I got the Cat a car for exercise
I thought some exercise might help regulate Coolidge’s diabetes. I’m doing all I can with diet and insulin, but his glucose values swing wildly, mocking any meaning of regulation. This Cat isn’t exactly what you would call exercise-motivated. He will play with a toy if it lands within inches of him. I have to toss it there. Then he lies on his back and shreds it with his back feet for a while, looks bored, and waits for me to toss it again. Then he regards the toy with indifference. Yes, you tossed that last time. It’s no longer interesting. Guess what I really want….
I decided he needed something that would move under its own power, something to engage the hunting instincts years of life lying in his window hammock have suppressed.
My husband looked online at various robotic birds and cars, and we decided that something moving on the floor might inspire the Cat to get up and move around to investigate. We were afraid something flying overhead might send him under the bed with a nosebleed. Besides, reviewers said the robotic birds were noisy.
The iBird reminded me of Nathaniel Hawthorne’s “Artist of the Beautiful,” a story about a watchmaker who makes a wonderful, lifelike mechanical butterfly that flies of its own power. The watchmaker presents the butterfly in a jewel box to his master’s daughter. The girl opens the box and the butterfly flies forth; she reaches out delightedly to catch it, and unthinkingly crushes the mechanism to bits. The iBird is not as beautiful as Owen Warland’s butterfly.
I went to Radio Shack, and they had a special on little radio-controlled cars. Explaining that it was for my Cat, I bought a Zip-Zaps Bumblebee for $6.97. It is unimaginable that anyone would have paid the original price the salesman said had been $25.00.
The Zip-Zaps Bumblebee is for kids 8 and older. Coolidge is 10, thus age-appropriate for him.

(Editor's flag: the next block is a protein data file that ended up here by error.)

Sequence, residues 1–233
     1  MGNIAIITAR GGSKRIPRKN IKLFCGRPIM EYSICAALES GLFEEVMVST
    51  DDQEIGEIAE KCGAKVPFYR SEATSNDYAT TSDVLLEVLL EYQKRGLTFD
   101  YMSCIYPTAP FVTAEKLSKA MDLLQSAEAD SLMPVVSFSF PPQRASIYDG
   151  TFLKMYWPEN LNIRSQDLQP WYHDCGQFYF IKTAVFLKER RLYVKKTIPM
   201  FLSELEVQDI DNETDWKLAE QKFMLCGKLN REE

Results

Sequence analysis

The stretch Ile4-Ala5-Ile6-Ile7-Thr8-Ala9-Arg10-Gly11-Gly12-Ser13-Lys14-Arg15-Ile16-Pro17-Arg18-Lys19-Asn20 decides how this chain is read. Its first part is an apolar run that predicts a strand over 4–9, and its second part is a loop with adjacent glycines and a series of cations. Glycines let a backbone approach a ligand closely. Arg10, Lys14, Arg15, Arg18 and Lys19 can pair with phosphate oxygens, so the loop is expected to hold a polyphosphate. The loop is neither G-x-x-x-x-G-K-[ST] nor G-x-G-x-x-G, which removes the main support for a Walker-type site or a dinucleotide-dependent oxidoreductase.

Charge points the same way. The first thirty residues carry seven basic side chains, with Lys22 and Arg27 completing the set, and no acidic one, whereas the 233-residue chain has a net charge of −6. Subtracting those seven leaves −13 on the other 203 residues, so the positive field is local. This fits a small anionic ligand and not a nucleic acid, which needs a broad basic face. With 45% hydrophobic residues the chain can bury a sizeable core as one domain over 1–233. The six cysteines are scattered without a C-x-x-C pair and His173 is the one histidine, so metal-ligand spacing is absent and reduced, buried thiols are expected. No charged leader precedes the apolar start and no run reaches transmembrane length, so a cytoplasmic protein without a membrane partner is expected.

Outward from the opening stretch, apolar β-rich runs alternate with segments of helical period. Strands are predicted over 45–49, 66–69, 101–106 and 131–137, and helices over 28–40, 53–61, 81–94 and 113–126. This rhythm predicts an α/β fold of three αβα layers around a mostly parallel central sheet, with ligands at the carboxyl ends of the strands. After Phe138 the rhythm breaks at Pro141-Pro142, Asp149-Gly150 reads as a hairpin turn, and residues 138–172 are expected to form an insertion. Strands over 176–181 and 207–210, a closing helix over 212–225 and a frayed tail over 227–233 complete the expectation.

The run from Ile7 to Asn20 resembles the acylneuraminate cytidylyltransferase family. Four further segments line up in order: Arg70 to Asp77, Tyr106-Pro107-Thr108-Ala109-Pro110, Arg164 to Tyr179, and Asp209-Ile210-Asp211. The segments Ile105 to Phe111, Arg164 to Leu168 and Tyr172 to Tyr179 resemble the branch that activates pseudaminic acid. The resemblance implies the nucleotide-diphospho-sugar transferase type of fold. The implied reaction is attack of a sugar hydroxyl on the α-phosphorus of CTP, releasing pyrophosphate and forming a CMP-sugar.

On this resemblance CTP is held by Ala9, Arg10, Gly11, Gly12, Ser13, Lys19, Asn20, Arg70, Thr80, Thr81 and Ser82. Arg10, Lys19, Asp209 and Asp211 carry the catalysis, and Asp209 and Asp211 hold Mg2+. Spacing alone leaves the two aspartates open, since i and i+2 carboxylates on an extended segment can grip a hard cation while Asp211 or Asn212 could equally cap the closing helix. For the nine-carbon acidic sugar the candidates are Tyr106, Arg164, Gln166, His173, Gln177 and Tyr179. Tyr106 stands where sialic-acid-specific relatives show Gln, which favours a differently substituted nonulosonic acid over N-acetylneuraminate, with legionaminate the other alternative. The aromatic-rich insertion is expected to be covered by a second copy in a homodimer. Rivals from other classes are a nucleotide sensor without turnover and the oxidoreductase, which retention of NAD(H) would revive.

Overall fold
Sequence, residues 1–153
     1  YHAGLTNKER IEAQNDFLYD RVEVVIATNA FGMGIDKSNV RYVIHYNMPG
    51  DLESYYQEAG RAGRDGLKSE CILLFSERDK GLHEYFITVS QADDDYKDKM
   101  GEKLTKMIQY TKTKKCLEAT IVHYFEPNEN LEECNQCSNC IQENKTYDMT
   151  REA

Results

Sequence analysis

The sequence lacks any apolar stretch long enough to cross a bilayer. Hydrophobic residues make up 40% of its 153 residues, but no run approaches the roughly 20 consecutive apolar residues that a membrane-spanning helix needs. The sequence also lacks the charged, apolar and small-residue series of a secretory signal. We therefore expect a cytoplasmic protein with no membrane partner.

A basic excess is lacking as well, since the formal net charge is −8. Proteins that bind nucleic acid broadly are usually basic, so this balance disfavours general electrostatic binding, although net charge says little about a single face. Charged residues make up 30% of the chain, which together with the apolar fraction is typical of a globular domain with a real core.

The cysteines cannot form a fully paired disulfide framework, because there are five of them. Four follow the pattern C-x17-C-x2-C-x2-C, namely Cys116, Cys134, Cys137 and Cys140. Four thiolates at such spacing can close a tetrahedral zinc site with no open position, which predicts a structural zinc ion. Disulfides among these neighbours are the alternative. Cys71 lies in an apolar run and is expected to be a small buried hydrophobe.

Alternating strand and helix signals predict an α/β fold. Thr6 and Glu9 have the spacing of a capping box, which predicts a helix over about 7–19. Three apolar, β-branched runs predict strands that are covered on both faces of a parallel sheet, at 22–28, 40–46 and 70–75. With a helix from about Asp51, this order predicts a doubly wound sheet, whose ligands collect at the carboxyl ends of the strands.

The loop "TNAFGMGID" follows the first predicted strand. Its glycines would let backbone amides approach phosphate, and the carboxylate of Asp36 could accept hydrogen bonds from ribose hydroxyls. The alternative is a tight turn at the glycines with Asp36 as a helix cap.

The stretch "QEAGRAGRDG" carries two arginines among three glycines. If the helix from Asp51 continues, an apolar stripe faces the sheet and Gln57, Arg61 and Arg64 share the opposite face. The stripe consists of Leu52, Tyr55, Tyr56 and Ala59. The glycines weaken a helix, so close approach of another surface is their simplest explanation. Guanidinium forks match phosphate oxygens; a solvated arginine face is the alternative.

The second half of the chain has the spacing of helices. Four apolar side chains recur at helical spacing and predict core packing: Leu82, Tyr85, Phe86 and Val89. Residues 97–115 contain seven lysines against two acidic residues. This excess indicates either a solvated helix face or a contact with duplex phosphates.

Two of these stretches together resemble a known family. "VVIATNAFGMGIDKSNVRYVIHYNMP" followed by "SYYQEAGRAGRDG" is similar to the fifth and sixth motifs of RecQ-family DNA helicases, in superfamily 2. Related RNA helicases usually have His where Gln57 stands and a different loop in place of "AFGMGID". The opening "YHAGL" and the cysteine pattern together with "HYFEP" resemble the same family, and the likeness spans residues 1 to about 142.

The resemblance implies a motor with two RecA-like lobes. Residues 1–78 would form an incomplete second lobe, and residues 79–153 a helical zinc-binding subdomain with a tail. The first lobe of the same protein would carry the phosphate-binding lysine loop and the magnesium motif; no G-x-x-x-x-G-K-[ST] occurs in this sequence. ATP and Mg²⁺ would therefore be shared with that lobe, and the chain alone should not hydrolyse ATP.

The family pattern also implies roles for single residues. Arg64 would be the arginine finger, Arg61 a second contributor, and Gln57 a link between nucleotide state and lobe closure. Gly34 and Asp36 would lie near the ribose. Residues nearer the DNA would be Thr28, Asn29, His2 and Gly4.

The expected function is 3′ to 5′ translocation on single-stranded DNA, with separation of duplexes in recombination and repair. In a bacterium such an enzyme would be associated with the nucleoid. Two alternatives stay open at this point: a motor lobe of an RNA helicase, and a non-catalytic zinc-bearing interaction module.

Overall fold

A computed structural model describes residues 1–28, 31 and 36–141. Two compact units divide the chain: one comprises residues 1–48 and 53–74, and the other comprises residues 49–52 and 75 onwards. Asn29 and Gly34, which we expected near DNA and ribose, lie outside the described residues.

What was age-inappropriate was me trying to read the instructions. They were written for people who rely on pictures and don’t read. They were written by Chinese manufacturers who have the inside scoop that American 8-year-olds can’t read. I lack the icon gene; I need words. Crisp Anglo-Saxon action words get things running in this country.
I chucked the instructions and went at it intuitively. I put batteries in the “RC” and turned the unit on. The green power indicator light came on. I moved a directional button. The car did not move. I chucked my intuition and called the guy at Radio Shack.
He didn’t want to be insulting, but had I put batteries in the unit? If I brought it in, they could figure it out or replace the whole thing. Had I charged the car? Um, no, was I supposed to charge the car? I thought the green light meant I was good to go.
It took a minute, but I finally noticed some possible contact pins and contact points on the car’s underside and the RC’s topside that clicked together. The light went red. It turned green in a few minutes. I removed the car and moved the directional button. The car sped off the table.
The Cat was fascinated. He descended from his window hammock and investigated. I mastered forward and backward, but had trouble with turns. Coolidge approached the Bumblebee cautiously. At least he was moving around, and he wasn’t going to pounce on the car and shred it.
He padded after the car while I powered it down the hall. It went down the threshold but couldn’t get up again. I got it to turn around and enter the study. Coolidge looked disdainful that such a thing would enter his tower room.
He worked up an appetite watching the Zip-Zaps Bumblebee. He walked around the car and ate half a bowl of tuna. Then he went to the study window and sat on the sill. I started the car and he paid no attention. He regarded it now as a disturbance. What is that stupid noise? I am scanning the western front of my domain now. I am not to be disturbed.
I cannot recommend Zip-Zaps as a feline diabetes management tool; but then, that is not the purpose for which the thing was intended. The guy at Radio Shack said I could return the car if my Cat didn’t like it. And I will, unless my husband wants to keep it.